Only their 90’s #ladishness hangover was at times teetering on the precipice of embarrassing.


You see, contrary to popular belief, Clarkson, May and Hammond transcended what is colloquially referred to as ‘lad culture’.


Despite Clarkson in particular being perceived as boorish, brash and confrontational, off camera he had a lot more in common with Descartes than Dapper Laughs. May was deeper again, and Hammond was by no means as light as he was commercially portrayed.


Lads, they were not. And we're not referring to their advancing years, for the record.


None of which, with respect, could be said about those who took up the baton. Affable and harmless they might have been, but the camaraderie felt forced and unnatural for the most part.


And the laddish streak continues to runs deep.


So much so that McGuinness’ response to TG being axed went along the lines of; “We were always going to be bellends, but we were your bellends.”


Ho and indeed, hum. And therein resting our case.





(silencing their critics)




So, What To Any Future?


Expanding on what we touched on above, Top Gear essentially needs a reimagining on the same scale as it underwent over twenty years ago if it’s to be saved.


Times, along with collective consciences and concerns have changed significantly in the interim decades, and the new-look Top Gear needs to carefully reflect this.


James May himself reflected on the need for this when interviewed in the week, stating; “Since we left, Top Gear has followed a similar format and framework to the way we left it.”


The old adage about avoiding fixing something which isn’t broke not the case here and now.





May went on to add; “There must be another way of doing a show about cars that will perhaps embrace more fulsomely many of the questions that are being asked about cars that weren’t being asked for a long time.”


What that man said.


Rather than settling for trying to replicate the ‘big boys adventures’ that Clarkson, May and Hammond still manage to somehow pull off on their now occasional Amazon Prime show, any revitalised TG should start with a clean sheet.






What Does TG Need To Do?


It needs to focus more on a spectrum of human interests derived from the existence of the car. Such as alternate fuels, niche automotive groups, individual car cultures, motoring nostalgia and motorsport.


Irreverence still has a pivotal place in any Top Gear version 2.3, providing that it’s supported by facts rather than fiction. Your average petrolhead isn’t a paint-by-numbers viewer who sees TG as moving wallpaper.


They want to be engaged.


Specials and challenges should still get a look in, in our opinion. As let’s face it, few people are bothered by what goes on beneath the bonnet. Be it in conjunction with an internal combustion engine or an ion battery pack.


Alas, so a return to the Chris Goffey and Quentin Wilson years aren’t recommended.




(Hanson: Where are they now?)




But What About That Hot Potato That Is The Presenters Question?....


In terms of presentation, there are a raft of potential candidates who have cut their teeth on a variety of new and old media platforms, to our minds.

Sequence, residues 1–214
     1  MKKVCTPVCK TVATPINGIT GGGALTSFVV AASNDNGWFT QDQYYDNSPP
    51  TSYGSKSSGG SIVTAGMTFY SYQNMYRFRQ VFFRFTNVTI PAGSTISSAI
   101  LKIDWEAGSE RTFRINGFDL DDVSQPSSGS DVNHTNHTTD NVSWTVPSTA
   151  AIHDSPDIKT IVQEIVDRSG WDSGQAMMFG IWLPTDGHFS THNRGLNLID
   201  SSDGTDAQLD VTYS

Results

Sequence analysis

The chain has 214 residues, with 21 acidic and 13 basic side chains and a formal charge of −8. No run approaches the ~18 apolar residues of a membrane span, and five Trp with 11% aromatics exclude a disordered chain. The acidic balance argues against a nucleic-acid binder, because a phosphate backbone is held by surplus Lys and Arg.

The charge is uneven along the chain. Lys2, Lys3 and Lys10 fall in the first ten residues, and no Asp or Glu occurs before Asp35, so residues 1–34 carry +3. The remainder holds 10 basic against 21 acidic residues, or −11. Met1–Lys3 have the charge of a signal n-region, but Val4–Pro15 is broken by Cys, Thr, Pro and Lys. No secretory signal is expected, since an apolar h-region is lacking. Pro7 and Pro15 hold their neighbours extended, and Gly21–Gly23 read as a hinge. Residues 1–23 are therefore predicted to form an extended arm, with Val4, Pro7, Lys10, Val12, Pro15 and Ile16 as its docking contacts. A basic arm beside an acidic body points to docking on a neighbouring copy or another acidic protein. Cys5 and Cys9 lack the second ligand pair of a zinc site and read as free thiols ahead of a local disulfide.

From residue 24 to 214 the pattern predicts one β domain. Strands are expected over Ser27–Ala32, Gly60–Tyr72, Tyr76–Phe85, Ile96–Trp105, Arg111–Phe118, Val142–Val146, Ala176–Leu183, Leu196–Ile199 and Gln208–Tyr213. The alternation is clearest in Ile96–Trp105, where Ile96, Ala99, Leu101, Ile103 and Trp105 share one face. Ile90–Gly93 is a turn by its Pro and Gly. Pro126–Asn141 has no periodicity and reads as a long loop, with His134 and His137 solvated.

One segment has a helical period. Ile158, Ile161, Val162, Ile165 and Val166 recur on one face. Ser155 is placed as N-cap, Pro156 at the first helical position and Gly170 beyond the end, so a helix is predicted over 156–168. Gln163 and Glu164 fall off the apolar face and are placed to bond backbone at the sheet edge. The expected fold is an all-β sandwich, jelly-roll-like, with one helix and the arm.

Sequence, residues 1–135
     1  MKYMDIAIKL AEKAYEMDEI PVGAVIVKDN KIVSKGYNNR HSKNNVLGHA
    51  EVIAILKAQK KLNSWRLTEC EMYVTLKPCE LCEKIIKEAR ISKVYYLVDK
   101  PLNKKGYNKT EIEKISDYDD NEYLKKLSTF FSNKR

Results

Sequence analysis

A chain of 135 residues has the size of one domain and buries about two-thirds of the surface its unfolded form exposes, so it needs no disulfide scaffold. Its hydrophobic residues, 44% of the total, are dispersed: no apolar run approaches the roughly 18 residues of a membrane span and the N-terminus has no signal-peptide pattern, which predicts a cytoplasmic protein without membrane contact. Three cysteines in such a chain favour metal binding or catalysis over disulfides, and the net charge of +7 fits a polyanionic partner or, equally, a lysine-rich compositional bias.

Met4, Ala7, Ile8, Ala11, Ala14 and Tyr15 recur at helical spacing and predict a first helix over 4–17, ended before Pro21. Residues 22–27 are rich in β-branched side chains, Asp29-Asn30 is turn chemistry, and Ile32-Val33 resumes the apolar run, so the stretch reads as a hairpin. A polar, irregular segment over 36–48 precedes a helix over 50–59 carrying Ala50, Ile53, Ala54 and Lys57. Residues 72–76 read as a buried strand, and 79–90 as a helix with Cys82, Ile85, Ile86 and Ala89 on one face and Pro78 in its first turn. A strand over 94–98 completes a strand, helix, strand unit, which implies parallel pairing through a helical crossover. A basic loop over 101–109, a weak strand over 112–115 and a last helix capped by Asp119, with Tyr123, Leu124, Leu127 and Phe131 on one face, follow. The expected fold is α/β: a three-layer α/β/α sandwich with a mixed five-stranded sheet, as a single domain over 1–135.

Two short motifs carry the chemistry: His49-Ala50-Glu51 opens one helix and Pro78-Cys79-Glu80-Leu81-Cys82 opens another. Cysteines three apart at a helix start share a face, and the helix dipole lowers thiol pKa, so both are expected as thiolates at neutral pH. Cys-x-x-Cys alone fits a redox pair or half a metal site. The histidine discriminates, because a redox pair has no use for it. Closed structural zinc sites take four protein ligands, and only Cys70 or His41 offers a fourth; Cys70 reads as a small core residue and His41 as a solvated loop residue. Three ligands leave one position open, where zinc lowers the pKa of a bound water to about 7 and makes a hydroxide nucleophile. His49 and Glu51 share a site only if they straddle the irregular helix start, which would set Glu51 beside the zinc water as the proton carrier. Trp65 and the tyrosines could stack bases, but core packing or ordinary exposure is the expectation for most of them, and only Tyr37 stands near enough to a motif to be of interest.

Youth needs to be blended with an experienced hand.




But they mustn’t consider TG as a vehicle for their personal talents. Conversely, any future presentation team needs to become an integral part of the new look machine. And be able to build a rapport with the viewer as well as their fellow presenter from day one.


As opposed to hiring presenters who are already established stars in other broadcasting fields away from the sphere of motoring, the BBC should adopt a more blinkered approach if anything.


Chucking names into the hat, Jonny Smith (The Late Brake Show’ and Fifth Gear alumni), Ant Antstead, Tim Burton (aka, Shmee 150), Joel Wignall (YouTuber, ‘It’s Joel’), Fuzz Townsend (Car SOS), Ian Seabrook (aka, YouTuber, ‘Hubnut’), Alexandra Mary Hirschi (aka, Supercar Blondie), Miles Reynolds-Cole, YouTuber, Sarah-N-Tuned, TG alumni and Fifth Gear stalwart, Vicky Butler-Henderson or even go all out for Porsche disruptor-in-chief, Magnus Walker.


Seriously.


There’s a wealth of expansive possibilities out there the Beeb should mull over.


And women should be integral to the selection process.


The late Sabine Schmitz brought a welcome breath of fresh air to proceedings, and reminding ourselves of the passion for all things automotive that true car fans possess in an abundance.




(The Stig in reflective mood)




In Summary


The BBC can’t really afford to take their foot off the peddle for too long. Not least because it is the only broadcast motoring offering of note on terrestrial TV.


That said, there’s a plethora of content-rivalling programmes which sustain us petrolheads of all persuasions out there via alternative media outlets.


With YouTube being the new home of some exceptional independent programme-making; some of the rising stars of which we’ve alluded to in the previous paragraph.


Who knows what - or indeed, who - will arise from the ashes of Top Gear ‘as was’. The only thing we want is a successful - and long overdue - return to form.


But a new kind of future-proofed form. Where the car is the star, in whatever guise and light it’s presented.



Incidentally, the Stig was unavailable for comment.